Ultimately, these approaches lock the agency to the fare payment vendor and reduce opportunities for innovation that improve the rider experience. Keeping mobile payments under lock and key means that transit agencies aren’t able to bring fares to riders in popular user-focused apps, like Google Maps and Transit.
Having mobile ticketing available through APIs creates a mobility ecosystem where apps and vendors compete to build the best experience for riders. In the long run, these APIs can become public and standardized to ensure transit agencies benefit from interoperability between all apps and vendors. This would extend the benefits of GTFS, which revolutionized access to transit information, into the fare payment realm and allow transit agencies to build a complete trip experience for riders in whichever app they choose.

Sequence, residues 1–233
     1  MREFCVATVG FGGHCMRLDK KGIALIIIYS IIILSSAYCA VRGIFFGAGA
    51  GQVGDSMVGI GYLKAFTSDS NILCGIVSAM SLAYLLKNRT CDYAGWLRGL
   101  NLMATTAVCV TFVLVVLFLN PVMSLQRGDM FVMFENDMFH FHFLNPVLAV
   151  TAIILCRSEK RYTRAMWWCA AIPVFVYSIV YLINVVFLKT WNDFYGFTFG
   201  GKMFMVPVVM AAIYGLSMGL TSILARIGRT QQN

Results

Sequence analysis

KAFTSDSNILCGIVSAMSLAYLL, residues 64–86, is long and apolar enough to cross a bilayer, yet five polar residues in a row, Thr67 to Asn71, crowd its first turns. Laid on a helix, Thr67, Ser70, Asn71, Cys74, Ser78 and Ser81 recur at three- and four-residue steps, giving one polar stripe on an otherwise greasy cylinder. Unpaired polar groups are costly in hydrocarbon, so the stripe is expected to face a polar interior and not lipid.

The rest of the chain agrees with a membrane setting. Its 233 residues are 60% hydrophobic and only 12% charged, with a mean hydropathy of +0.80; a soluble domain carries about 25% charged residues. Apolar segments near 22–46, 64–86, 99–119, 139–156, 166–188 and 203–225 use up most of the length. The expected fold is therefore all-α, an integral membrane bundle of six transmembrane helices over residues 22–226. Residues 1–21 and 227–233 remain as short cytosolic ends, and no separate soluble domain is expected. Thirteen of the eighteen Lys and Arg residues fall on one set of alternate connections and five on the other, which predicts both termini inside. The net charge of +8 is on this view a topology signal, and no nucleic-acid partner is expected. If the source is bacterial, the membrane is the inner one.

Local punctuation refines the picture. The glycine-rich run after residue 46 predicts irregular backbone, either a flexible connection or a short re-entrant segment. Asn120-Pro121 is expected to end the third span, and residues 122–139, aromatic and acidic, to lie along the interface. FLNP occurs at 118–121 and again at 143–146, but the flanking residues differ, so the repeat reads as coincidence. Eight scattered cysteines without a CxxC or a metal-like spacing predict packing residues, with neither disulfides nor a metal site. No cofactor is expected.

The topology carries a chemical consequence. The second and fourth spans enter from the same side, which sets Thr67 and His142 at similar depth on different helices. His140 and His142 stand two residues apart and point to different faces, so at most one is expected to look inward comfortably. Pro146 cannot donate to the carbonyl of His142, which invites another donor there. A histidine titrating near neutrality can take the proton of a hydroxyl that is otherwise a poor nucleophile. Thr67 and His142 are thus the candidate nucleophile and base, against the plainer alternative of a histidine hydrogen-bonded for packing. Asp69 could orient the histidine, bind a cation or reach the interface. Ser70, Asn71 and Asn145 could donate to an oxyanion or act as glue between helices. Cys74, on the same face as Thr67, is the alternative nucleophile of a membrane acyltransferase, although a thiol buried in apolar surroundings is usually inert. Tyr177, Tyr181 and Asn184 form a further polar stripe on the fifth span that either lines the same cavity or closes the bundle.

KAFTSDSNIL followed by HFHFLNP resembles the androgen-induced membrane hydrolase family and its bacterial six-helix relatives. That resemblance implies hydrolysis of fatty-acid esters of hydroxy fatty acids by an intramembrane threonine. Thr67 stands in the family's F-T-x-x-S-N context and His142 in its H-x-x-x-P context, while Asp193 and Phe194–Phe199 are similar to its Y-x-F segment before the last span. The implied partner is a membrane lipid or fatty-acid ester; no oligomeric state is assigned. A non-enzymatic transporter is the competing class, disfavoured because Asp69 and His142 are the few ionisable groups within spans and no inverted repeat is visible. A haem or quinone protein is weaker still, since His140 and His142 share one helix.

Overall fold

Fare payment shouldn’t be a hurdle for customers. With a focus on APIs and the customer experience rather than checking “having an app” off an RFP laundry list, transit agencies can welcome innovation and provide space for the experimentation necessary to deliver the best possible fare payment experience now and in the future.
Guidance for public agencies
- Because open data standards don’t yet exist for mobile ticketing, ask vendors to provide their mobile payment APIs, and share them for evaluation by apps that have integrated similar services in the past. Transit is not the only company in this category, but you can use our requirements to get started.